The UAE’s Comprehensive Economic Partnership Agreements (Cepa) with Turkey and Indonesia have come into force and will begin a new era of trade and investment co-operation with the rapidly growing emerging global economies.
The trade pacts with both nations will “remove or reduce tariffs” on a range of goods and eliminate unnecessary barriers to trade, the Ministry of Economy said in a statement on Thursday.
The agreement will also open new avenues of investment in the UAE’s priority sectors including logistics, energy, food production, FinTech and e-commerce, as well as the travel and tourism sector.
“The implementation of our … agreements with Turkey and Indonesia marks a significant step forward in our foreign trade programme,” Dr Thani Al Zeyoudi, Minister of State for Foreign Trade, said.
"Both agreements will unlock a range of opportunities for our private sector in two of the world’s most dynamic centres of growth and help broaden our network of trade partnerships with strategically important markets – both regionally and globally."
The agreements have been “strategically crafted to invigorate and streamline the movement of non-oil trade” and will strengthen supply chains, the minister added.
The deals are the third and fourth of the UAE’s Cepas to come into force, following on from the pact with India, which was implemented in May 2022, and Israel, introduced in April this year.
“They are the latest components of a foreign trade agenda that seeks to establish stronger economic ties with strategically important nations around the world,” the ministry said.
The UAE-Indonesia Cepa, signed in Abu Dhabi in July last year, is projected to boost the value of bilateral non-oil trade from its current $4.08 billion to more than $10 billion within five years of implementation.
The agreement also seeks to raise the combined value of trade in services between the two nations to $630 million by 2030. More than 80 per cent of UAE exports to Indonesia will now be exempt from customs duties.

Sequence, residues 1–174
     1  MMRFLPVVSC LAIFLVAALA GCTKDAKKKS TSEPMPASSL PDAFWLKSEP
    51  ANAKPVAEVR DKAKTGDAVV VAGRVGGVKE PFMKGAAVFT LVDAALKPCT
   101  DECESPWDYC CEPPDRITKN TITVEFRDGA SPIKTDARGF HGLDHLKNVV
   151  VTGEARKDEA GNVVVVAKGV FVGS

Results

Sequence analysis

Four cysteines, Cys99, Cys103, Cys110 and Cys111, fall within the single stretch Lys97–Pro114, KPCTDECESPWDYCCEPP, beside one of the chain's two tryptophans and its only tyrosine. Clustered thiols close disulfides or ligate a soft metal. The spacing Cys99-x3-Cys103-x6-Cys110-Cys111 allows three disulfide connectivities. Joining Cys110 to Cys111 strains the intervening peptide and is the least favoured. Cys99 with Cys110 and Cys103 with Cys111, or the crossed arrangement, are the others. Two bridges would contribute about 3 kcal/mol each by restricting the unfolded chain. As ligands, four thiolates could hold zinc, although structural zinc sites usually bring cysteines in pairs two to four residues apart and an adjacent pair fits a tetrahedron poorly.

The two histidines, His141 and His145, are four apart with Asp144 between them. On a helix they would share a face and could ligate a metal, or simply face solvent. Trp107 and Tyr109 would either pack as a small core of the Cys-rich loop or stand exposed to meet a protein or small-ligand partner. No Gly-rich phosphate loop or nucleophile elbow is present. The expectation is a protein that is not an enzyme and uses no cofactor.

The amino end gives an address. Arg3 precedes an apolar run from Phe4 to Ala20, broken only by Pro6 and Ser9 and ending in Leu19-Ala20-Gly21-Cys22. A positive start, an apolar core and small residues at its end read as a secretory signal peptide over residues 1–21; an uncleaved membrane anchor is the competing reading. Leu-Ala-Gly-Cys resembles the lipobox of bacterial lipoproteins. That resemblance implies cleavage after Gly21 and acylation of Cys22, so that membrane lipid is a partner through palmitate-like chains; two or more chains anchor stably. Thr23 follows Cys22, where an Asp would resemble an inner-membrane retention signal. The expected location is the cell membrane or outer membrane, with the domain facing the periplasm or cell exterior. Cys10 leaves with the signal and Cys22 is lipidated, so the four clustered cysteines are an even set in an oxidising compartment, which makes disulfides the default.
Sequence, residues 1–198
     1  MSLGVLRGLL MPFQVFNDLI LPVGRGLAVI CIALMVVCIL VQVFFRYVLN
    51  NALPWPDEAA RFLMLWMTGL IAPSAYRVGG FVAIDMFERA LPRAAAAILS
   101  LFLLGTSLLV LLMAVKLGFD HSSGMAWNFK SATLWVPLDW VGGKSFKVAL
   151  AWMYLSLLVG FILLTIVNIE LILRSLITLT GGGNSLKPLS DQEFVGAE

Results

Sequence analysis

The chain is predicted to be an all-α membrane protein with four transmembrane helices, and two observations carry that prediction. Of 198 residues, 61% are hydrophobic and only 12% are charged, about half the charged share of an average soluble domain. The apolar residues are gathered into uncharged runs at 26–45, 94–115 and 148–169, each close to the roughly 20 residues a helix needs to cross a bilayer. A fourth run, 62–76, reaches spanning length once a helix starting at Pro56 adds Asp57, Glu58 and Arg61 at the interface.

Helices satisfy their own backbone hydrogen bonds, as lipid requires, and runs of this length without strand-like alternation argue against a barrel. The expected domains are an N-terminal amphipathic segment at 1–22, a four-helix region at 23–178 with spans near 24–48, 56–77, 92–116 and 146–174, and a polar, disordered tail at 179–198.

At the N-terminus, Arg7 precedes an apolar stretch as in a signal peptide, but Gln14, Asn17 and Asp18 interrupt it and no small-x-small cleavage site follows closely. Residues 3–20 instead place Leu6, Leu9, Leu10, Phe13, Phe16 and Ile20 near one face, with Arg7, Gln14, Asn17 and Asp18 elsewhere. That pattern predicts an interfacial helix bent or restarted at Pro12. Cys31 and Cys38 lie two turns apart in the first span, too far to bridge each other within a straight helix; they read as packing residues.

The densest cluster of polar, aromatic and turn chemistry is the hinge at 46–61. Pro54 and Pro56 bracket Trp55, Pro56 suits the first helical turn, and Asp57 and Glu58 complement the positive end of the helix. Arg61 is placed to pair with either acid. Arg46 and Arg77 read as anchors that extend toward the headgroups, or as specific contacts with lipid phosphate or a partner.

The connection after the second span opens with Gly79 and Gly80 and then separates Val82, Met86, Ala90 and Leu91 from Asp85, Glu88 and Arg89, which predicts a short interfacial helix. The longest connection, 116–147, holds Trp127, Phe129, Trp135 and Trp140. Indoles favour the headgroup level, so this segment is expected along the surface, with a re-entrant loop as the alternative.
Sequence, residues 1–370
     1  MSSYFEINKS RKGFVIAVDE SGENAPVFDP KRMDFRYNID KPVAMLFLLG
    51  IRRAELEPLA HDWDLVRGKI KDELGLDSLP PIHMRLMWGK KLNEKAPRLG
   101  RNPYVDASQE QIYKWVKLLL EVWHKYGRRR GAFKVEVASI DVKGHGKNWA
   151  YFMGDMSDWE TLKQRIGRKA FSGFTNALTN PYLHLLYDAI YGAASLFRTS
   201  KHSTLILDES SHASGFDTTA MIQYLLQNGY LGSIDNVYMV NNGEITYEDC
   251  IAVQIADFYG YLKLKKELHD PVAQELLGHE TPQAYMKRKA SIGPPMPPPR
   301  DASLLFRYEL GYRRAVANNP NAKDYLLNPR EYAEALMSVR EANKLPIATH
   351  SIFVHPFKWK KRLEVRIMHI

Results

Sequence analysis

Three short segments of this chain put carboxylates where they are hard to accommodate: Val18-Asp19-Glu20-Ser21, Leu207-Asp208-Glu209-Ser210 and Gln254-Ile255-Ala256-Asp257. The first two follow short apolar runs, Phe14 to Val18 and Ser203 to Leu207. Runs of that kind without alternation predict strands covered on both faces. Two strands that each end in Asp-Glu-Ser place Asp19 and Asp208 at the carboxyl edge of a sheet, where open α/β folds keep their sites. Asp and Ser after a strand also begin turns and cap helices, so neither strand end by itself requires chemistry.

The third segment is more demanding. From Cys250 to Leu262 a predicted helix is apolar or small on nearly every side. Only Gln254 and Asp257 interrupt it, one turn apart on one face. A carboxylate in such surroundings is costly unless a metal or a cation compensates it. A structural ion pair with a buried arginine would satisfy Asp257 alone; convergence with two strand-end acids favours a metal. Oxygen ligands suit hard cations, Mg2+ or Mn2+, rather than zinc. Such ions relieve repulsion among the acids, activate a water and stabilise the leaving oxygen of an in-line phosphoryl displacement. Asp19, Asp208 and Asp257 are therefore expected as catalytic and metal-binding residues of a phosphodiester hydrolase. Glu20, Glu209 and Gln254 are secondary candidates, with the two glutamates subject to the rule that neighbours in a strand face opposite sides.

The UAE-Turkey deal eliminates or reduces customs duties on 82 per cent of product lines, which account for more than 93 per cent of the value of bilateral non-oil trade.
In 2022, Turkey was the fastest-growing of the UAE’s top-10 trading partners, with non-oil trade climbing 40 per cent to $18.9 billion.
With the implementation of Cepa, the UAE expects its trade with Turkey to $40 billion within the next five years.
Boosting trade is one of the central planks of the UAE’s economic transformation agenda. The Arab world’s second-largest economy aims to sign 26 Cepas as it seeks broaden its investment horizon globally and boost its foreign trade to Dh4 trillion ($1.09 trillion) by 2031.
The UAE's non-oil foreign trade hit a record Dh1.24 trillion in the first half of 2023, up 14.4 per cent year on year. Non-oil exports with its top 10 most important trading partners rose by 22 per cent in the first six months of this year, Sheikh Mohammed bin Rashid, Vice President and Ruler of Dubai, said on Wednesday.
“Our non-oil foreign trade will exceed Dh2.5 trillion this year … and we will achieve the target we announced of Dh4 trillion by 2031,” he said on X, formerly known as Twitter.
“Intra-regional trade with Turkey, for example, grew 87 per cent in just one year, indicating the effectiveness of our balanced, proactive and positive foreign policies.”
Overall, non-oil exports grew by 11.9 per cent annually to Dh205 billion in the first six months of the year, which was more than the full-year levels recorded in 2017, Dr Al Zeyoudi said on Wednesday.
Trade is also set to receive a boost after the Brics bloc – comprising Brazil, Russia, India, China and South Africa – invited the UAE as well as Saudi Arabia, Egypt, Iran, Ethiopia and Argentina to join the group this month.